In 1945 Eric Gillett published an unfinished manuscript of memoirs by Elizabeth Ham (1783-1859), the daughter of a yeoman, under the title Elizabeth Ham by Herself 1783-1820. Gillett said somewhat condescendingly that the vivid account of the woman’s experiences was appealing because of “her struggles to make a life of her own, to be of use to someone. Without training or business ability, but with educational and literary gifts above the average, ….and desperately conscious of her gentility, she was badly handicapped from the beginning.”
Ham made this all too clear in the stories she told on the mistresses of the dame and boarding schools she attended. This horribly comic one underlines best just how irregular the quality of discipline and instruction for girls could be during this period:
The great punishment was to have a bow of black ribbon pinned on the sleeve. I remember having a great dread of the “black knot,” and having one morning incurred the punishment, roared out most lustily. As ill luck would have it, my cousin was strolling near and hearing the outcries of her darling, rushed in to the rescue. She caught me under the arms to bear me away, but Aunt Sukey’s authority was not to be so condemned, she seized me by the heels whilst my cousin kept fast hold of my shoulders. I really though I should be pulled to pieces between them. I well remember the enflamed visages of the ladies as they tugged at me. Their passion frightened me more than the black knot had done.”
It is to Elizabeth Ham’s credit that in spite of experiences like these (or perhaps because of them), she succeeded in composing an instructive poem for children that was informative, imaginative, and infused with gaiety: The Infant’s Grammar, or A Pic-nic Party of the Parts of Speech (1824). She may have been familiar with the poems Donelle Ruwe has called “papillionades.” They describe different kingdoms of creatures trying to outdo the others with splendid entertainments, which would so delight readers that they would be tricked into learning something about the range, classification, and character of the various costumed animals from the way they made their entrances, danced, and behaved at the midnight supper. Famous examples are William Roscoe’s The Butterfly’s Ball and the Grasshopper’s Feast (1806), or Catherine Ann Dorset’s 1807 companion pieces, The Peacock at Home and The Lion’s Masquerade,Ham’s sociable parts of speech, who are not competing with rival concepts, throw a “pic-nic,” which then referred to what we would call a potluck, where all the guests contribute something to the feast. However, Ham says nothing about the refreshments being a communal effort. The event takes place indoors at Etymology Hall during the evening, not during the day in the open air, additional confirmation that the word’s meaning was in flux. Ham was not pleased with the liberties Harris’s illustrator (possibly Robert Branston) took here and there interpreting her verses. Probably the most notable discrepancy is he changed the season from winter to summer and time of day from night to the day. Yet the article “The” shown above bears an entirely superflous torch to light the guests way in. While Ham conceded that the illustrator had improved her original drawings in some places, she did not approve of his having costumed her characters in “fancy dress” inspired by the current vogue for Elizabethan fashion. Another addition that might have irked her was the insertion of a tragedy queen center stage between Harlequin and the graceful dancer, a complete fabrication. She appears to have been modelled upon the actress Sarah Siddons as Lady Macbeth, one of her most celebrated roles.Ham speculated that the anonymously published poem, for which she received nothing, sold well enough over thirty years to have made her financially independent. With a modest income, she would not have been obliged to earn her bread as a governess or housekeeper employed by a wealthy family. This could be either wishful thinking or anecdotal knowledge based on her having kept a sharp eye on the contents of booksellers’ shelves. I have found an advertisement in an 1845 novel for an edition published by Harris’s successor, Grant and Griffith, that is later than anything found by Marjorie Moon, the bibliographer of Ham’s publisher John Harris. It’s not idle speculation to imagine that the Infant’s Grammar of Ham might have been sold as a companion piece to the equally charming Punctuation Personified; or Pointing Made Easy by Mr. Stops (below to the right), which was also first issued by Harris in 1824.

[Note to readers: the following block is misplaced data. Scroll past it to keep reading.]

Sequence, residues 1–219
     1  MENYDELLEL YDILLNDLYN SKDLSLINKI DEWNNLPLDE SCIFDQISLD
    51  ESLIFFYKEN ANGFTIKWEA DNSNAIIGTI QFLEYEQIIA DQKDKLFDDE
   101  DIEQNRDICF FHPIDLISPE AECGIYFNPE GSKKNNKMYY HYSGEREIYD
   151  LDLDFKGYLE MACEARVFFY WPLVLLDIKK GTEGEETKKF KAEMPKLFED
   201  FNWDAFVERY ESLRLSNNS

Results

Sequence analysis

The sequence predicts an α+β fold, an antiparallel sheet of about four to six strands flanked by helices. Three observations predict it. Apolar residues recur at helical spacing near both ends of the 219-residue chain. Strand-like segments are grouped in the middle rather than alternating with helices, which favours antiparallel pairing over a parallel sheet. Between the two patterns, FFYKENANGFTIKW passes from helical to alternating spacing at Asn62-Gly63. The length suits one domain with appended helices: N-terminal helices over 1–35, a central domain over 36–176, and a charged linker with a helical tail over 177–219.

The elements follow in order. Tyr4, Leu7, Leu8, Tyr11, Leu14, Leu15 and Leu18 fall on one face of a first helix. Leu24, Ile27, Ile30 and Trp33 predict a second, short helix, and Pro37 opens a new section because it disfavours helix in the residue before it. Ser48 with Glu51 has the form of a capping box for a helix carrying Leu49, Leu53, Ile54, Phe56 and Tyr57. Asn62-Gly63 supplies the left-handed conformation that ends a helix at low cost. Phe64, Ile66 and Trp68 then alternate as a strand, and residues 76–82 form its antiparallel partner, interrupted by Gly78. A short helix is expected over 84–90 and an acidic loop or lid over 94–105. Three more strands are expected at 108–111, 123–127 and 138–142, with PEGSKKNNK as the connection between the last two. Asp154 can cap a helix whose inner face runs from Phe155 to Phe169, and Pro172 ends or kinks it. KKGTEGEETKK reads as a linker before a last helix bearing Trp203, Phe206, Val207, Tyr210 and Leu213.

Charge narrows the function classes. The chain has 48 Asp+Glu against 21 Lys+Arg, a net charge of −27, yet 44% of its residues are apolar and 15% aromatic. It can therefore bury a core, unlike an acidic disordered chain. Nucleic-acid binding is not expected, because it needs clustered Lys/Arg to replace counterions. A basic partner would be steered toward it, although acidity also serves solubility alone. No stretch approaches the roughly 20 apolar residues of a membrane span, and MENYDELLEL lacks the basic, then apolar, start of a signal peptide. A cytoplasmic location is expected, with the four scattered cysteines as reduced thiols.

She surely would have been very angry to learn that another contemporary woman writer for children, Madame Leinstein, quickly produced plagiaries of both The Infant’s Grammar and Punctuation Personified for Harris’s rivals, Dean & Munday and A. K. Newman and Co. later in 1824 to capitalize on their success. Leinstein (about whom nothing is known) dubbed her version of The Infant’s Grammar The Rudiments of Grammar and only a page-by-page comparison of the two pamphlets can establish the literary theft. In Leinstein’s text, the school mistress Miss Syntax takes her scholars to a country fair, which seems quite different from Ham’s picnic of the parts of speech. But the school’s facade and the two children in frontispiece to Leinstein have some suspicious similarities to the illustration of Etymology Hall in Ham..Is it a coincidence that Leinstein’s nouns are arrayed in Elizabethan finery and accompanied by an explanatory text very similar to Ham’s? This is probably the most blatant of a series of borrowings:Leinstein’s page on the interjection is a clumsy adaptation of one of the best sections in the Infants Grammar . Where Ham skillfully brings the party to a close with the poor housemaid looking at the mess the merry parts of speech have left behind them, Leinstein tacks on a superflous episode about Miss Syntax’s students relieving a poor girl.For Ham, who dreamed of independence, Leinstein’s imitation surely would not been flattery, had she known about it. Leinstein’s attempt to cut into her sales surely would have another bitter reminder of money she should have had. Well-a-day indeed…